The minister was also highly critical of Saudi Arabia’s involvement in the continuing Yemen war, which has developed into a humanitarian catastrophe amid sieges and air strikes, and raised concern that its continued proxy conflict with Iran could worsen.
“We hope that there will not be any confrontation,” Mr al-Thani said. “Yemen needs to end, Iraq needs to be stabilised, we need to reach a just solution for the Syrian people, otherwise we are going to face a new generation of extremism.
“There are enough crises on the table – we hope that no more will be created.”
Mr al-Thani told the Westminster Counter-Terrorism Conference that the Middle East – “a region brimming with extremism” - could not afford more turbulence, as conflict continues in Syria, Yemen, Iraq and Afghanistan.
“Although the Middle East was once a region of peace and co-existence, it has unfortunately been transformed into a region of turbulence and totalitarianism, where extremism flourishes,” he said.
“What is the root cause of terrorism? Tyranny, totalitarianism, aggression and the absence of justice.”
He said 24 million children across the Middle East were being left vulnerable to recruitment by terrorist groups, authoritarianism and a lack of education and opportunity, adding: “We need to address this issue of regimes who are not respecting the rights of their people or the law.”
Saudi Arabia has accused Qatar of funding terrorist groups and sheltering extremists, allegations repeated by Donald Trump in June. Qatar refutes them, saying it prosecutes jihadis where they are found and has merely facilitated talks involving Hezbollah and Hamas upon international request.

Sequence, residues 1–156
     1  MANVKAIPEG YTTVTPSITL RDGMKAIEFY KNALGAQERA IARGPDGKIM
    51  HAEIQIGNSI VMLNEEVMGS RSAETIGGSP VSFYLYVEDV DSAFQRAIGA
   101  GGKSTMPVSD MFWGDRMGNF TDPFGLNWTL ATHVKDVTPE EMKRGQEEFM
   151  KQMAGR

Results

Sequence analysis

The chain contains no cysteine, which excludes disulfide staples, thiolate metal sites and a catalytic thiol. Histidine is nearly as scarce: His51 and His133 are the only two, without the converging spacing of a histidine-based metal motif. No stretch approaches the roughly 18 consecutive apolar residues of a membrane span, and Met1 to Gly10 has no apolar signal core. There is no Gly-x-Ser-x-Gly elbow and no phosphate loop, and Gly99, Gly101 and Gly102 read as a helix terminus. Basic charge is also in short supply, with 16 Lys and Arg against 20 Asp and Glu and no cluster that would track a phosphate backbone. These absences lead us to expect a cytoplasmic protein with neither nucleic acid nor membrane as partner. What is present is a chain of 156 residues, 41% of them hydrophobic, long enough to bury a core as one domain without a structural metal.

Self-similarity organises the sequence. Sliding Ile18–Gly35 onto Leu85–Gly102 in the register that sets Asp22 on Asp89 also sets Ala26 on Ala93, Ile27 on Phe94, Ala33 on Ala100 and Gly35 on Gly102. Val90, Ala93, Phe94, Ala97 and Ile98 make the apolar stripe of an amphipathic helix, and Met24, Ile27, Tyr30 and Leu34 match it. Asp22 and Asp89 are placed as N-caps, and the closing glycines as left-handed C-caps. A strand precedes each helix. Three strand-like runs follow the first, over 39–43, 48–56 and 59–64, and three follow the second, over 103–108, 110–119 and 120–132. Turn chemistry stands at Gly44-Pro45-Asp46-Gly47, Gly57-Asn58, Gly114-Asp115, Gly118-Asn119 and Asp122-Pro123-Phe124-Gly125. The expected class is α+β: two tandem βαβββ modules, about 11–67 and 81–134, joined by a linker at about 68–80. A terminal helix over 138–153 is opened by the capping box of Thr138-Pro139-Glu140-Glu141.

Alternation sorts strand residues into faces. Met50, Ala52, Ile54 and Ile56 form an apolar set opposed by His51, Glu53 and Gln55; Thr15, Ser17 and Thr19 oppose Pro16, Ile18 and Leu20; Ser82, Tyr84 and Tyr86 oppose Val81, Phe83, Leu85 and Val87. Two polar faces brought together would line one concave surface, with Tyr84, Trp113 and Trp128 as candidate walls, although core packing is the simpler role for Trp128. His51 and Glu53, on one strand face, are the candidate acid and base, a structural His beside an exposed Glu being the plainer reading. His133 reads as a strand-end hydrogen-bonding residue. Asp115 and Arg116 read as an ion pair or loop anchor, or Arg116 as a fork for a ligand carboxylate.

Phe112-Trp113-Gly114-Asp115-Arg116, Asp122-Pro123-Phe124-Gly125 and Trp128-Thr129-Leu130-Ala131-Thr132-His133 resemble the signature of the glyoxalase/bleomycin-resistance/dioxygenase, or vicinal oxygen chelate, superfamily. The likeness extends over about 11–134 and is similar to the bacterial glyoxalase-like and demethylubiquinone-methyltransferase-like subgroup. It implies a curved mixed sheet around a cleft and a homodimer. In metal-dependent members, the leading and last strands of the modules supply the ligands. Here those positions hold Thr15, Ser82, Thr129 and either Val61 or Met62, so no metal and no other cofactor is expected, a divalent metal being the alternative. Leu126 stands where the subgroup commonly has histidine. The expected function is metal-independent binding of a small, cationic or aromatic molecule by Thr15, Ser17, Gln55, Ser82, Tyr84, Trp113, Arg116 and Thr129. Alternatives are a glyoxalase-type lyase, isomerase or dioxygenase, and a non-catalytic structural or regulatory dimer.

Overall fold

“There is absolutely not any link between Qatar, terrorism and terrorist movements,” Mr al-Thani said.
“They see the West as enemies, they see us as enemies … Other countries are accusing any political opponents of being terrorists.
“Some countries are just using terrorism as justification for political matters against Qatar - they see this is the only way they can get sympathy…wwe learnt from the blockade that we have to present our case very clearly and not to ignore any accusation which can be used against us.”
The Deputy Prime Minister said Qatar would not retaliate by cutting of gas supplies to the United Arab Emirates or other Saudi allies, because it “would not use the same approach they have used against our people”.
He called for allies including the UK to be more engaged in the region, after Boris Johnson travelled to Qatar and Kuwait in a bid to ease tensions.
The Foreign Secretary later welcomed the Emir of Qatar’s “commitment to combat terrorism in all its manifestations”, including financing.
“The Emir also pledged to resolve the remaining differences with Saudi Arabia, UAE, Egypt and Bahrain through dialogue, negotiation, and Kuwaiti mediation,” Mr Johnson said earlier this year.
“We hope that in turn Saudi Arabia, UAE, Egypt and Bahrain respond by taking steps towards lifting the embargo.
“The UK will continue to engage our partners in the region to help them reach a solution.”